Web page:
Originally posted by ss11:
I was wondering if anyone had ran stock trailing arms on a modified and what you think about it. I know Ron Jones ran them a few years ago and done quite well.

The Limited Modifieds in the Houston Area are required to run this factory Metric setup, I am curious to any advice for this rear susp set-up. I know there are lots of Limited Modified drivers who would jump at anything to help these car handle and hook better.


posted March 23, 2001 09:05 AM
If you have to run them, that's a different story. Look hard at your rules, and see if they specify what angles your arms have to be, and if you're allowed to switch rear end housings. Our rules for street stocks back in the day used to state that the mounts had to be in the stock locations, but that we could change rear end housings. If we changed housings we had to build new mounts on it so we'd build them such that would allow for correcting the angles.

We always ran the lowers level, for purposes of keeping rear steer to a minimum, but since then I've decided that there might be a little more to be gained by running 2 or 3 degrees upward angle in them. We used to cut the stock mounts off the old rear ends and use those for the new ones, keeping the ride hieghts the same and saving a lot of fabrication time.

We had to run the stock upper arms, so when it came to the mounts we'd build them out of 1/2" plate and make a big hole in which to tack weld a stock trailing arm bushing. If you're not required to run the stock arms but have to run the stock lengths, by all means run tube arms with hiems on them, but you'll need rubber at one end of them (preferrably the chassis end) to allow for the bind I mentioned in the earlier post. Build your mounts off the rear end accordingly for the use of hiem ends.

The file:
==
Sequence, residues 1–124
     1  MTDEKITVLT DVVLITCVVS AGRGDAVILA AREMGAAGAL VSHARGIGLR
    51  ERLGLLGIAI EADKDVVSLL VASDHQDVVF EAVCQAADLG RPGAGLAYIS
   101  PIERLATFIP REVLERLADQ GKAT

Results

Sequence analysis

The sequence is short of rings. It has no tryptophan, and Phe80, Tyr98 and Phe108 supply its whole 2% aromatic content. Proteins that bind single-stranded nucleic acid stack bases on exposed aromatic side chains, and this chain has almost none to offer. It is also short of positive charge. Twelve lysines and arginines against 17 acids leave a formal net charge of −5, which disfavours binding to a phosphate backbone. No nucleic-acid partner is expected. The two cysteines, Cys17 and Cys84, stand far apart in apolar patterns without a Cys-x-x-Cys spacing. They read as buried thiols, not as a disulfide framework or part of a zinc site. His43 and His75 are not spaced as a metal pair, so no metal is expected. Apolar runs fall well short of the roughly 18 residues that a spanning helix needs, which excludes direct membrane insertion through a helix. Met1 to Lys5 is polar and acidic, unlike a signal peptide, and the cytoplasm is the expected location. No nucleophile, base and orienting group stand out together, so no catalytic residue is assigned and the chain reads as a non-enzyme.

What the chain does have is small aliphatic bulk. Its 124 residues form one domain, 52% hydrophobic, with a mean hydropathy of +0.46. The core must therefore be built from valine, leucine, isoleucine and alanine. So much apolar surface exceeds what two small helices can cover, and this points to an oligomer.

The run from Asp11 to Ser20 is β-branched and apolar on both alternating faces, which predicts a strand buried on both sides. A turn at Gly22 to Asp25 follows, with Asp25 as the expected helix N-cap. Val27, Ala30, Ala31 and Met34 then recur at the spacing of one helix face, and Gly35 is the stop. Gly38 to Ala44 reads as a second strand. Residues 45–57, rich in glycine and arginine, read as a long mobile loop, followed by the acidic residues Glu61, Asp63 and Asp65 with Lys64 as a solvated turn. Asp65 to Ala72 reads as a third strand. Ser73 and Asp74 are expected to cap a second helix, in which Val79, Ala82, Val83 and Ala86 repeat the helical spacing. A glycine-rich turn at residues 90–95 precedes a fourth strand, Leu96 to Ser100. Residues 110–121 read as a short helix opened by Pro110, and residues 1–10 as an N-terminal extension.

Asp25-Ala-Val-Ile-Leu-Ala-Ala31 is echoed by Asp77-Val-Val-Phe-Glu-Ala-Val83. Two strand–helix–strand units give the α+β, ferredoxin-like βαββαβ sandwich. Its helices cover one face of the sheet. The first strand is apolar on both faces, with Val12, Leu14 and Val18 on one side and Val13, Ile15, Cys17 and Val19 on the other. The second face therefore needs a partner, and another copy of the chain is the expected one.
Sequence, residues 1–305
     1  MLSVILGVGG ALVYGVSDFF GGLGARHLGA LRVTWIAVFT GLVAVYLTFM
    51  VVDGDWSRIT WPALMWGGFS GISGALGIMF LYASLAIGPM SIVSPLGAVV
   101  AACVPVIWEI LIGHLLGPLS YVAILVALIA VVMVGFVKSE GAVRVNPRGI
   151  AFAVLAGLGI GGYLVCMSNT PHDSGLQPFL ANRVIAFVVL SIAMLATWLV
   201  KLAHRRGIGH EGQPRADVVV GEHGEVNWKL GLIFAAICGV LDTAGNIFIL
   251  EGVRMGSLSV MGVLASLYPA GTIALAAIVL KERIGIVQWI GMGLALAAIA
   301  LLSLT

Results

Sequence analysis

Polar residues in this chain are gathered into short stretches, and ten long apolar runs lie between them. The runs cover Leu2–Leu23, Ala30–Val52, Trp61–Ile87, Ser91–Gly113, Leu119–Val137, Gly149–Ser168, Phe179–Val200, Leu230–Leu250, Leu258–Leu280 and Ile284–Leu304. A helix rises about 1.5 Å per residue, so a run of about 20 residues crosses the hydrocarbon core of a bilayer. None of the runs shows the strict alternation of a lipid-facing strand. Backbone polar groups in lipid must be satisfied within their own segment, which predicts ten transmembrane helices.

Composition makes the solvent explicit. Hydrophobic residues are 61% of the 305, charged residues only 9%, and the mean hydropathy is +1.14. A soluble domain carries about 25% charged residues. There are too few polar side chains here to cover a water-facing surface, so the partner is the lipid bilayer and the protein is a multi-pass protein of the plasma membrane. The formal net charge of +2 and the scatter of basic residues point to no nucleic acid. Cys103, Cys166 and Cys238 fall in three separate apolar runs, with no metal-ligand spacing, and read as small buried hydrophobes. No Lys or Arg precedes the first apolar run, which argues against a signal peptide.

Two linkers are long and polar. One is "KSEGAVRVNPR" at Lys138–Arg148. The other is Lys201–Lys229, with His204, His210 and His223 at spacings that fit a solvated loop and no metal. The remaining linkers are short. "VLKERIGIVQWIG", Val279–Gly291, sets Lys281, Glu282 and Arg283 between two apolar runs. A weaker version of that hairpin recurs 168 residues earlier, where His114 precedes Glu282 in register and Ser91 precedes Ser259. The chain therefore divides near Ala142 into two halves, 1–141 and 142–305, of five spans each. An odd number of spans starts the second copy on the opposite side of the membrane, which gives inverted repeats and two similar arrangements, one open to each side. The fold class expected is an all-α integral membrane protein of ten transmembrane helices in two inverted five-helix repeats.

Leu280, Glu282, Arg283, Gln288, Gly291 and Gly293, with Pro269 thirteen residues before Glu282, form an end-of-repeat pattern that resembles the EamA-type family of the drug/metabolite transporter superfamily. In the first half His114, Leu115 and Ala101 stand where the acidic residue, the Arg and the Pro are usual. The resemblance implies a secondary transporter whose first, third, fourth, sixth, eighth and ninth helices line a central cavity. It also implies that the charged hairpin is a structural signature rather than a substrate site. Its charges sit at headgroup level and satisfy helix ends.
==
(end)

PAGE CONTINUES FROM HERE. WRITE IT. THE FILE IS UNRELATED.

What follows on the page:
The upper mounts at the rear end were built to mount the bars at 15 degrees downward. There were also a lot of guys who'd mount the left side at 20 degrees to give them a little more left side bite, but I never tried it myself. The reason for the increased angle in the uppers was because as the rear end wraps under acceleration load, the upper bars will try and straighten themselves which will increase the downward thrust of the axle. With the lower arms level we could never actually make the car lift under throttle, but it didn't squat half as much as it used to before we could change the uppers. This is why I'd consider adding some angle to the lowers. If you can get the rear end to lift the car, you're going to drive the tires into the track harder on initial acceleration; and also raise the rear CG, allowing for more wieght transfer to the rear.

Hope it helps,

posted March 23, 2001 10:47 AM
Matt is right about his angles, I run one of these cars right now as a limited mod. He is also right about angling the lowers up. Make the mounts on the rearend as low as they can go before they will hit the ground in the event of a flat tire. That in our experiences is the best. We have tried to even more in by raising the mount on the chassis but it was not as effective. I raced all last year against cars that are brand new and once we got dialed in we could compete with anybody. The place where these cars have troubles especially in the big motored class compared to the open cars is when you get on the tighter tracks where it is much tougher to keep the corner speed. Just my two cents.